One of Switzerland's oldest classical music festivals is showing a youthful vigour in Gstaad worthy of its founder, the late Yehudi Menuhin.This content was published on August 31, 2002 - 10:49
For the first time, the programme includes a concert by the European Union Youth Orchestra.
Founded in 1976, the orchestra, whose motto is "Fifteen nations - one language," is 20 years younger than the Menuhin Festival Gstaad.
Since its first tour in 1978 the orchestra has established a reputation as one of the best and biggest ensembles of its kind.
It is joining the usual line-up for the festival, which features many of the world's leading orchestras and soloists.
The festival president, Leonz Blunschi, told swissinfo that long-time Gstaad resident, Yehudi Menuhin, had throughout his life enjoyed making music with young people.
"That's why those of us on the board of directors also thought that now was the right moment to appoint a young artistic director, and if you look at the programme he has put together, it's fantastic."
Blunschi was referring to Christoph Müller, who already at the age of 32 has considerable experience as a cellist, orchestra conductor and administrator of cultural events.
Müller's first Gstaad festival has a number of innovations, including the reintroduction of master classes after a break of ten years and the appointment of Swiss jazz musician George Gruntz as artist-in-residence giving courses in improvisation.
"This is another aspect which would have pleased Yehudi Menuhin," says Blunschi. "He was a great advocate of the fusion of classical music with jazz and folk, as we saw in his recordings with Ravi Shankar and Stéphane Grappelli."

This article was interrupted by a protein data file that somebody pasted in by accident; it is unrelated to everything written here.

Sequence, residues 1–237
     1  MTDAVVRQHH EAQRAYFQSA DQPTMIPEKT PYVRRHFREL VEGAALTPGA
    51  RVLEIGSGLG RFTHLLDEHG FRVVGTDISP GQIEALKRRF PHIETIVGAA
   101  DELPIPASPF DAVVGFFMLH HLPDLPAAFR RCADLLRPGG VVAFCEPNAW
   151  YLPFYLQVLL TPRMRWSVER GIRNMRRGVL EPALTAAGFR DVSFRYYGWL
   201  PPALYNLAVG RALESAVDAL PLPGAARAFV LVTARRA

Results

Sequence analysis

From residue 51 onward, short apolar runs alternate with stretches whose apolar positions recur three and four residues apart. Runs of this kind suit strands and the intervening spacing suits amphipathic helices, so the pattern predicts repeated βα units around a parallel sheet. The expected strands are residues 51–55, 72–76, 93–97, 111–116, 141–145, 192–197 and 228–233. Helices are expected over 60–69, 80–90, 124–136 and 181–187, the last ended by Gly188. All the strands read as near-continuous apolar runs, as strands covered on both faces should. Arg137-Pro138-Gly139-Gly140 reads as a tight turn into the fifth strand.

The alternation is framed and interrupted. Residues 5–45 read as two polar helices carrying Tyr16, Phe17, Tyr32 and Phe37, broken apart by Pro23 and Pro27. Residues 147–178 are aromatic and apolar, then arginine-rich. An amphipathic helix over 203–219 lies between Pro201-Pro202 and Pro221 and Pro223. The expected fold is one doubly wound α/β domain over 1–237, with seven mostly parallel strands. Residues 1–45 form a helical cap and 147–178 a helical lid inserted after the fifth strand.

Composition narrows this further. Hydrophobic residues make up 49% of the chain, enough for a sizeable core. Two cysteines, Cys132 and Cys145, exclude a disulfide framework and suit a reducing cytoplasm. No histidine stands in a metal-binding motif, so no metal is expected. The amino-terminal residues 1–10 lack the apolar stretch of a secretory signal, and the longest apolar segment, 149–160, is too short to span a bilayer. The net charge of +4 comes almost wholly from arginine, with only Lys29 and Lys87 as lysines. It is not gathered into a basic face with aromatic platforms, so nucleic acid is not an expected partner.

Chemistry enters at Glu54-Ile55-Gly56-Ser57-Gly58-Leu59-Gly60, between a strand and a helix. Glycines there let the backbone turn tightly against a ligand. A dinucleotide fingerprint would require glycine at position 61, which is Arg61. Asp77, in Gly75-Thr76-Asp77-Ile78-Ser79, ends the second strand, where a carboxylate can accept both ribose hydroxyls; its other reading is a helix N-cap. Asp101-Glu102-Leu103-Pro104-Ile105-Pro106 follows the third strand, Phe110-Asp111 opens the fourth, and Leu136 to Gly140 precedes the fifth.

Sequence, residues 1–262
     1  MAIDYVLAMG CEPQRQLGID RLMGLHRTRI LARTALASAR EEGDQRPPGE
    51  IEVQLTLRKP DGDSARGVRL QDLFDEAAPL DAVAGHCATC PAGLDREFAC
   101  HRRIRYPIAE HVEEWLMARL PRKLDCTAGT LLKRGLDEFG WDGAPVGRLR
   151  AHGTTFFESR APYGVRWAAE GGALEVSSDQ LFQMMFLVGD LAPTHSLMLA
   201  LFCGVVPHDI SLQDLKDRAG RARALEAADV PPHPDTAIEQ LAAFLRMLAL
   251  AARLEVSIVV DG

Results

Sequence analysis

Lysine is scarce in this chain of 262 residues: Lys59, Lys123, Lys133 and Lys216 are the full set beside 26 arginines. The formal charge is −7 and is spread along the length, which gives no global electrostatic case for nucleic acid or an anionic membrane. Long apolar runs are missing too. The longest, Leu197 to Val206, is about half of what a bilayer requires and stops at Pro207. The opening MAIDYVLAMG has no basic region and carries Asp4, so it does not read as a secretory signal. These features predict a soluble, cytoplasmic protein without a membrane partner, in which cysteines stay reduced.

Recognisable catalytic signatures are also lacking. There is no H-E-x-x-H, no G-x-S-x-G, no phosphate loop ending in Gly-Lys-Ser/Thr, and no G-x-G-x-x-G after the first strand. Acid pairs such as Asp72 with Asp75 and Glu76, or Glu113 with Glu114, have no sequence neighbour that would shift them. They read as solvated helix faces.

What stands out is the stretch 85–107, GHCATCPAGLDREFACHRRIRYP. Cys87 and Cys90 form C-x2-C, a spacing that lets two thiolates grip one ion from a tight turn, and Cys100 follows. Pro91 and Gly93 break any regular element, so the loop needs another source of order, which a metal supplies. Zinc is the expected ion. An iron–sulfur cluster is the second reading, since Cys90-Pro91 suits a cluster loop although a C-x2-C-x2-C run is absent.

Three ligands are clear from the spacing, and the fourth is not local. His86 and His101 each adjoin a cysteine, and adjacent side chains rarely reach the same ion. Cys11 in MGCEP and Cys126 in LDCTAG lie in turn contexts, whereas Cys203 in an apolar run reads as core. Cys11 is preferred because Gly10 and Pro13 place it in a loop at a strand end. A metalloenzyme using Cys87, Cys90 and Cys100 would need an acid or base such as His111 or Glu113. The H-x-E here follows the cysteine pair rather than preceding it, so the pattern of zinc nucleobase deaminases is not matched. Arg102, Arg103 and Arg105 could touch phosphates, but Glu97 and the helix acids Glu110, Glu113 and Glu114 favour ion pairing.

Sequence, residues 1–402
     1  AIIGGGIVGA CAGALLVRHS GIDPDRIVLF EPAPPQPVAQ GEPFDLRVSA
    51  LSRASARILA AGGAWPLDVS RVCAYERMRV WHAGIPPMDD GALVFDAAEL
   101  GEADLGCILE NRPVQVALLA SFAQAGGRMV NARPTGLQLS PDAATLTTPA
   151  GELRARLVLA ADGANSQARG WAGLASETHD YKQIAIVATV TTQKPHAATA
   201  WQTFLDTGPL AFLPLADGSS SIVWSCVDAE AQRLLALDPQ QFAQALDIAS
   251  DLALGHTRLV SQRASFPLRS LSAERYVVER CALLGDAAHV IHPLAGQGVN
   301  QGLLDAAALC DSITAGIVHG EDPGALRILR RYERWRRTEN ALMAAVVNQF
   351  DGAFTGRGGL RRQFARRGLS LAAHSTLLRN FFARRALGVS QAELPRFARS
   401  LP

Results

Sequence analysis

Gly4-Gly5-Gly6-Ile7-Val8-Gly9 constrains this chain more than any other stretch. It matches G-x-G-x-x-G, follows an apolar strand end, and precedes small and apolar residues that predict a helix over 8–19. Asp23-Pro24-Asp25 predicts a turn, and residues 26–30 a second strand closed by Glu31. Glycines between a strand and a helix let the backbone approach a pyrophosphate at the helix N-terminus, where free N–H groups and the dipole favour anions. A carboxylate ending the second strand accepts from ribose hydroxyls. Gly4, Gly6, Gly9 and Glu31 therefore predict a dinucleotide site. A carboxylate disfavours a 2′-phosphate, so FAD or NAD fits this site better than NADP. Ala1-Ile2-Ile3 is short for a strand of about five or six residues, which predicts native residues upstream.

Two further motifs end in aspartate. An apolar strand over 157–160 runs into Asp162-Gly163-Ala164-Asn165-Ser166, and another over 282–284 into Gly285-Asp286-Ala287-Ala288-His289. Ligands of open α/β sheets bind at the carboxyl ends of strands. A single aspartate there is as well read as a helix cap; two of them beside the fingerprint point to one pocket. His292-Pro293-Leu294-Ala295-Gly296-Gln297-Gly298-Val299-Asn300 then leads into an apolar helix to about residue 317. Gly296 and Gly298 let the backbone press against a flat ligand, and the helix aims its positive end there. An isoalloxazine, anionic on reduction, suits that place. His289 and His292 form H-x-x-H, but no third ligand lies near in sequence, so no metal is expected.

Another maestro who clearly enjoys working with young and gifted musicians is pianist and conductor Vladimir Ashkenazy, who was in Gstaad this year to conduct the European Union Youth Orchestra - of which he is musical director.
"These young musicians are very receptive," said Ashkenazy in an interview with swissinfo. "Although not yet professionals, they behave as though they are. Whatever I ask them to do they remember it and try to do their best.
"It's fascinating to stand in front of a good symphony orchestra and this is a wonderful one. When a youth orchestra is so good the specificity is that its members are motivated and want to give everything they have. The enthusiasm and attentiveness is absolutely fantastic."
Ashkenazy now spends most of his professional life as a conductor, but is still recording "difficult Mozart and early Beethoven pieces" for Decca. He says that even a musician of his experience can benefit from working with a top-level youth orchestra.
Learning all the time
"My attitude is that I'm learning all the time. If a principal plays a beautiful phrase or a section produces a wonderful sound I remember it, and have thus learned something."
But it is difficult to imagine the vast scale of musical knowledge a conductor of Ashkenazy's stature passes on to the 140 members of the youth orchestra, who ages range from 14 to 23. Representing the 15 EU member-states, they are selected annually at auditions given by about 4,000 applicants.
Violinist Clare Duckworth, a 22-year-old student at the Royal Academy of Music in London, is leader of the orchestra. "To play in such a good and huge orchestra is always wonderful," she says.
The EU ensemble performed a programme of works by Mendelssohn, Berlioz and Mahler in the 1,830-seat festival tent, which has become a permanent fixture in Gstaad.
By the time the festival ends, over 15,000 visitors will have attended 37 concerts there and in five churches in and around the Bernese Oberland mountain resort, generating revenue of more than SFr10 million (US$6.6 million) for the local economy of Gstaad-Saanenland.
But festival director Blunschi says just as important as a healthy balance sheet and attracting visitors is the idea of bringing good classical music to the people of this mountain region, who would otherwise have to make a three-hour round trip to attend a concert in the nearest city, Bern.
"Yehudi Menuhin summed it up," added Blunschi, "when he said that he simply wanted to make good music among friends."
by Richard Dawson
The EU Youth Orchestra is considered one of the best around.
Youth Orchestra musicians are selected from a pool of 4,000 applicants.
The Gstaad festival attracts over 15,000 people.
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